1. I loved this book, especially the decorating tips. It is always great to get ideas from others which quite often go along the line of what you were thinking. I really like how we use a lot of art in every room.
    We are now in the process of establishing new gardens which cause us to look at different and new plantings and coverings.

  2. Hi Karen, I am going to have to look up the bee cottage story at the library. Your review has me intrigued. I think a hybrid memoir is a great way to combine the two focuses of self-help and personal narrative. I am with you on getting to know the author while learning how to do something like decorate or change some facet of life.
    My memoir won’t be of the hybrid variety since what I have to say is more related to the personal narrative. I am not going to be talking about self-help on any subject. I want to simply relay some of the experiences I have been through in life thus far and encourage anyone who reads it that if I can come out the other side of all that and be happy, they can as well. I also want to let people know what helped get me through those experiences. The biggest message I want to pass along is that if someone is going through something similar they are not alone!

    1. I hear you, Jude. I too find memoir/self-help decorating a very unusual combo. I’m fascinated with hybrid memoirs, but I think for me it would be more like memoir plus photographs that evoke certain moods or express certain themes. Hmm – memoir plus sculptures and paintings?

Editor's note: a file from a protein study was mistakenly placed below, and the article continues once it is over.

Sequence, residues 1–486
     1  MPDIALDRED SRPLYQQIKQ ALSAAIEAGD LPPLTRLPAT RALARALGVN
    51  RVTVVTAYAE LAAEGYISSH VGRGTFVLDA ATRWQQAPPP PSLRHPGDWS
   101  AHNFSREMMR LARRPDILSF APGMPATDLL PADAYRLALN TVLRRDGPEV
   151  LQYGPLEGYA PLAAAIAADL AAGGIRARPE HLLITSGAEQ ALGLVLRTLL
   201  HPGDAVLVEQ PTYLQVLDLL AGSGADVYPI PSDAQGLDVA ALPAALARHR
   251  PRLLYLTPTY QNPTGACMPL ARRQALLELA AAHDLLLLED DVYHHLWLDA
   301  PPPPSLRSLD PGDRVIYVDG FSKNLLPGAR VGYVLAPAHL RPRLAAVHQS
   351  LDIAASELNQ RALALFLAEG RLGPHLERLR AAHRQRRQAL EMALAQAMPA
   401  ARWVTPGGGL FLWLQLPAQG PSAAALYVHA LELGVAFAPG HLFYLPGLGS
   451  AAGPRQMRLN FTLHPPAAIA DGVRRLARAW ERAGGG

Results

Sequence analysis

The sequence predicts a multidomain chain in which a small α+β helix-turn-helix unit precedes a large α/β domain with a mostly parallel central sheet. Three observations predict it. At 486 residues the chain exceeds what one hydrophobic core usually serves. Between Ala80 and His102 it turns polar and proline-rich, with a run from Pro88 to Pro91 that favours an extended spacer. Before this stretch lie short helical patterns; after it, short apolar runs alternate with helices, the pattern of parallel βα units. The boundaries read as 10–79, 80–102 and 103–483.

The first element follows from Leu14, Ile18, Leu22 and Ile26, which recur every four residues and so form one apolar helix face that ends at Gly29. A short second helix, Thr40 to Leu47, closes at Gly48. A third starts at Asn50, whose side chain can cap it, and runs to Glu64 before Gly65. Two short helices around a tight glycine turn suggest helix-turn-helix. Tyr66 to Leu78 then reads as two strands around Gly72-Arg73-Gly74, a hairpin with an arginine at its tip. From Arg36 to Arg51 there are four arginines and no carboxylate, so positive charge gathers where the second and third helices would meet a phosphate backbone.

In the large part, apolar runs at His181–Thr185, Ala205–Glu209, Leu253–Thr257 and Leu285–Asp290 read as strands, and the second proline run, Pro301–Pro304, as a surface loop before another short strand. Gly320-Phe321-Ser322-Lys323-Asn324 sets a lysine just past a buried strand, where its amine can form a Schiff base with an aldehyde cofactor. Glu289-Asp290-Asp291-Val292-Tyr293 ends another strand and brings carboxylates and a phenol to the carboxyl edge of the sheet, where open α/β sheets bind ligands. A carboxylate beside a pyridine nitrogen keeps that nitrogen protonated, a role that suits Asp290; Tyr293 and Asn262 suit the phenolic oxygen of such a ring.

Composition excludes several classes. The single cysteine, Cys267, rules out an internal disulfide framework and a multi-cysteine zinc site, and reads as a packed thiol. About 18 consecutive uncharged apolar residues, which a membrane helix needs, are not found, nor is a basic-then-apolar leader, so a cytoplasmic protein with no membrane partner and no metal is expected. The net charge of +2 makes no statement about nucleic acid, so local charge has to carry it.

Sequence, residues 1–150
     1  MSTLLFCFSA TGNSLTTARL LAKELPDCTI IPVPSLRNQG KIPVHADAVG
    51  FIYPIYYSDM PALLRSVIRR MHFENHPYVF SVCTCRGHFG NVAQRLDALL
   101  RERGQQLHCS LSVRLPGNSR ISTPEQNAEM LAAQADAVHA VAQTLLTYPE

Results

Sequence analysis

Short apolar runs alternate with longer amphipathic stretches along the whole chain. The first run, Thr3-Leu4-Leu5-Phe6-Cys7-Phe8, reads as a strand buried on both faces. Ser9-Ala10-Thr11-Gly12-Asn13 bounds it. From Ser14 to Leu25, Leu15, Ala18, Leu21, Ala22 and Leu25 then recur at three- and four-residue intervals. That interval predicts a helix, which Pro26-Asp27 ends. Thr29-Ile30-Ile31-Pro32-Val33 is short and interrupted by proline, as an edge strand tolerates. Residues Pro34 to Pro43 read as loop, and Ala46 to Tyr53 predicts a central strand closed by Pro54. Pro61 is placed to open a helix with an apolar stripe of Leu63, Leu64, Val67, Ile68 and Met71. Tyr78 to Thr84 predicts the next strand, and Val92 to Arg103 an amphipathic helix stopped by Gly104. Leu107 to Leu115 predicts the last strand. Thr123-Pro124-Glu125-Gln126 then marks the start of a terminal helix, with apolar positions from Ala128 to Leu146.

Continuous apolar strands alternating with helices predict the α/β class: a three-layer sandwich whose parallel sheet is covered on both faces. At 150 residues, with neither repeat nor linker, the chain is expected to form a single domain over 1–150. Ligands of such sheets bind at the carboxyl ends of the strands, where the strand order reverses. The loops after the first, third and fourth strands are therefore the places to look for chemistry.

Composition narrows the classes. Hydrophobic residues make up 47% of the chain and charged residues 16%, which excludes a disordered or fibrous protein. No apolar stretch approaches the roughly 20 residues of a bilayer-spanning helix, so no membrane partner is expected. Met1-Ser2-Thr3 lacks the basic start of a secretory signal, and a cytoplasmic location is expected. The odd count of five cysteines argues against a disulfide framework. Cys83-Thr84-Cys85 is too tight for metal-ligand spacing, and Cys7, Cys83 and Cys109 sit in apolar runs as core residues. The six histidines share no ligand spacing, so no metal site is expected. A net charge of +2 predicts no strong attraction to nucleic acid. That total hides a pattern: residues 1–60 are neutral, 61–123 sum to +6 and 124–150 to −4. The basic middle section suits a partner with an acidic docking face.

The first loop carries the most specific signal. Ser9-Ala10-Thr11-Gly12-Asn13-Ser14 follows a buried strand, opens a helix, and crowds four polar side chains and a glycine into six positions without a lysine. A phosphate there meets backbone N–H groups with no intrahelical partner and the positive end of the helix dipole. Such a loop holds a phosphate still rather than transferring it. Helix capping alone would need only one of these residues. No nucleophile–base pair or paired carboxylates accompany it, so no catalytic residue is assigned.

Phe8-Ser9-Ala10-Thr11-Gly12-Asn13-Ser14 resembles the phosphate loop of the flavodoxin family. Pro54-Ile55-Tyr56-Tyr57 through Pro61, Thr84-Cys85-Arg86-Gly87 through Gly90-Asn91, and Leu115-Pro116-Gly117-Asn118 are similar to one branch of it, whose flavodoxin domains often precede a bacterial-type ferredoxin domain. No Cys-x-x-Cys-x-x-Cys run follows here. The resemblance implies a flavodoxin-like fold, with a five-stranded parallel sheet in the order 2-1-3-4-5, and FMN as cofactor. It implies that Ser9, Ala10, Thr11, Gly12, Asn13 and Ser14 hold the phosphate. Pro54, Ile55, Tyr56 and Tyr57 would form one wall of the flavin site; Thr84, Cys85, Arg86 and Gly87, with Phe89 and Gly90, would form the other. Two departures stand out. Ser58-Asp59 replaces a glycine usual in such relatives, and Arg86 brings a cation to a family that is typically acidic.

3. “If you don’t draw attention to imperfections, no one else will notice them. Learn to live with some of your flaws.” It sounds like common sense and I feel better thinking it really is that way (it is, usually), yet, we always are aware of our imperfections and in my case, not pointing them out to people once in a while would make me feel like a fluke or a fake. Yes! We need to learn how to live with our less attractive and perfect traits. Hard to do for perfectionists! 🙂

    “Letting go creates the space in your closet/day/life for the new/better/right to come in–or maybe there is just space, and that’s great, too.” So true. I just did that with a lot of my childhood belongings and memorabilia. Creating more space in my parents’ closets! Downsizing always feels great, though, no matter that I don’t actually have my own space that opens up.

    The “hybrid” memoir. I like it and it fills a niche for many stories and tips experts of certain things or lifestyles have. It adds a personal note and touch that I love and find important. Like your blog about Kris Kristofferson.

    1. Oh how I wish that I could more readily learn to live with some of my flaws. It is my mission to learn how to do that soon!
      I too love creating more space! Was it great to go through your childhood memorabilia? Did it help you with your memoir at all?
      Thanks for reinforcing the importance of a personal touch. As you know, it’s something I’m trying to do more and more of in my posts. It’s always nice to get support for that 🙂